Euro has completed its first stage. Three years after being launched, the European currency seems to leave behind a stormy start and its second stage is under way. National currencies of the member countries have been withdrawn and notes and Euro coins have come into circulation. Undoubtedly, the U.S dollar has found a tough rival which poses a serious challenge as the predominant worldwide currency. This issue of Economic Pulse briefly reviews the evolution of Euro since its birth, the dimensions of its market, and the consequences for financial markets. Find out how this process will affect Puerto Rico. It is time to demonstrate that the positive effects of this new giant far outweigh its potentially negative consequences.

Puerto Rico Economic Pulse ©

June 2002: The Bitter Side of Development

Macroeconomic and Fiscal Impact of Population Trends

As the 2000 population census has confirmed, Puerto Rico is undergoing a demographic transformation. Following the pattern of developed countries, the Puerto Rican population is aging. In this article we will address this interesting phenomenon, which is a clear proof that development is not just about prosperity and also has its bitter side. Let`s briefly review the evolution of the island`s population over the last half century and analyze its economic and social consequences in the short as well as the long run. Find out how an aging population can exhaust fiscal revenues; how health and other related services will be more demanding on already finite resources.

Puerto Rico Economic Pulse ©

May 2002: The Challenging Budget Picture

Economic Impact of the Budget – Part II

Revenues are key to a budget. Without them there can be no budget, and how to obtain them particularly in times of economic constraints such as now, presents a challenge. The previous issue analyzed how the Government of Puerto Rico got into a structural imbalance. Combined with the economic slowdown, this situation has generated a shortfall of revenues. Both the Executive and Legislative branches have been proposing new sources of revenues. A key issue in the proposed budget for fiscal 2002-03 is how to obtain $596 million in additional revenues. The bulk of the discussion focused on proposed significant increases in excise taxes on alcoholic beverages, cigarettes, and selected types of autos. Find out how increases on alcoholic beverages will impact the economy and how the government refused a better alternative.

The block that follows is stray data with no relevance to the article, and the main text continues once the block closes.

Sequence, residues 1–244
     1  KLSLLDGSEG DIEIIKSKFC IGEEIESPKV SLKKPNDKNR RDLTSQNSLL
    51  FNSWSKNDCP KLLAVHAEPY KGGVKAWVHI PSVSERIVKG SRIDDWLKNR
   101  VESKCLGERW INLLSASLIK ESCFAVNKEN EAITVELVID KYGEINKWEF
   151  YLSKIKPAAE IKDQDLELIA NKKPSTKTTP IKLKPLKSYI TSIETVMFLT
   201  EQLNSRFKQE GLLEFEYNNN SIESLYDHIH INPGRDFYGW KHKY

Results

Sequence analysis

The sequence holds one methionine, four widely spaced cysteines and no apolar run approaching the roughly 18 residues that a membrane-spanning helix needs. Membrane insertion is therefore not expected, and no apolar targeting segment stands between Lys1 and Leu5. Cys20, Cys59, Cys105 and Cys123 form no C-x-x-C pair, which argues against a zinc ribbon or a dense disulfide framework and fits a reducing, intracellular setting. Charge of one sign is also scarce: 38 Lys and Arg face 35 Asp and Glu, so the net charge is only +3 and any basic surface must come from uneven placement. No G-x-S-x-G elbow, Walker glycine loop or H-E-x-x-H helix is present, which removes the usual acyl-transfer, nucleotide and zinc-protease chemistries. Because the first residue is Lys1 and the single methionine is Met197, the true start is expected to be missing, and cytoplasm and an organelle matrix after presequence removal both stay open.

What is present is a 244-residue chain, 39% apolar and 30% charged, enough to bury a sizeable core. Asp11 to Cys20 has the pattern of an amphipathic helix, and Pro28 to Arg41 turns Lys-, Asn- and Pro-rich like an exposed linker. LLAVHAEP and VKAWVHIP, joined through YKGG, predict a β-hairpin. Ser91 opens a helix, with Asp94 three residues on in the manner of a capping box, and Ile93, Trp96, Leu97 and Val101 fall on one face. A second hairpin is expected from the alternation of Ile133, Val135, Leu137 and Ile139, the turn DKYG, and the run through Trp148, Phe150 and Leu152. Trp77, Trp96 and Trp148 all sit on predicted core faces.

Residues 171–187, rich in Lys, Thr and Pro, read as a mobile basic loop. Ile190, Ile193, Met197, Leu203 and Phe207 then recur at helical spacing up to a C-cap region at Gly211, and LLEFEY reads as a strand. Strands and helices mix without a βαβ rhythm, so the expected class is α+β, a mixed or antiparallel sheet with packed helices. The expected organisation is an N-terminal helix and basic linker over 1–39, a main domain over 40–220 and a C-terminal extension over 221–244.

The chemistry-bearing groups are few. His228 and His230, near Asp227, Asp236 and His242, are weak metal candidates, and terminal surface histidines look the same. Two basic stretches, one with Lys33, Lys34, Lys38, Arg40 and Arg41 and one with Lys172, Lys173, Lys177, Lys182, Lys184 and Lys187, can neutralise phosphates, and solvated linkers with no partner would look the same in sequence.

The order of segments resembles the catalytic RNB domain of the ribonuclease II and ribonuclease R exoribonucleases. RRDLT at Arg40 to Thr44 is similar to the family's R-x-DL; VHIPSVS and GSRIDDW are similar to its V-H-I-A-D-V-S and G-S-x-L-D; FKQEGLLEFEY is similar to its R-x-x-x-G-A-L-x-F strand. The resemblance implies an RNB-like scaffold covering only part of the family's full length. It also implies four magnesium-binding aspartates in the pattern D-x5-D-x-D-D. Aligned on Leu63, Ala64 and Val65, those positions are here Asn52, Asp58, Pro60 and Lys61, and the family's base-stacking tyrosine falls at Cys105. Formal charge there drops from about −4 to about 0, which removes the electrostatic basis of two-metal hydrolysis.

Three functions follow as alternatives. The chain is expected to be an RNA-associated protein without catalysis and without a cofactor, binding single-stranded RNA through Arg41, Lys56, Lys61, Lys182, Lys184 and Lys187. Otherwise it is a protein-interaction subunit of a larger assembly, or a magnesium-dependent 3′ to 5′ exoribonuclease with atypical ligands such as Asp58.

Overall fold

Puerto Rico Economic Pulse ©

April 2002: The Moving Target, Part I

An Analysis of the PR Government Budget for fiscal year 2003

Last February, Governor Calderón unveiled her Consolidated Budget for Fiscal Year 2003. It calls for significant increases on excise taxes on vehicles, alcoholic beverages, and cigarettes. All these measures will impact economic activity, you and I as taxpayers and consumers. Puerto Rico is not the only jurisdiction fighting budget deficits. According to a March report by the Association of State Budget Officers, 40 of the 50 states are facing shortfalls in their revenues. Thus, healthy fiscal budgets, here or in the states, will lag a year or more behind economic recovery. Find out how the budget is spent, where the money comes from, what are the priorities, and how the problem of debt financing has affected it.

Puerto Rico Economic Pulse ©

March 2002: The Road Back to Recovery

An Analysis of the Puerto Rico Economy and Outlook for 2002 and 2003

Fiscal year 2001 marked the beginning of an economic slowdown in Puerto Rico. After a decade of high growth rates, the economy cast clear signs of decelerating. The performance of the Puerto Rico economy was not divorced from the US economic cycle. The Island posted the lowest real growth since 1992. But the worst was still to come. The tragic events of September 11 put both economies on the verge of recession, thereby backing the belief that the Island economy is tied to the US. Find out what happened in 2001 and whether the economy is in a recession in 2002? And, after all, is recovery ahead for 2003?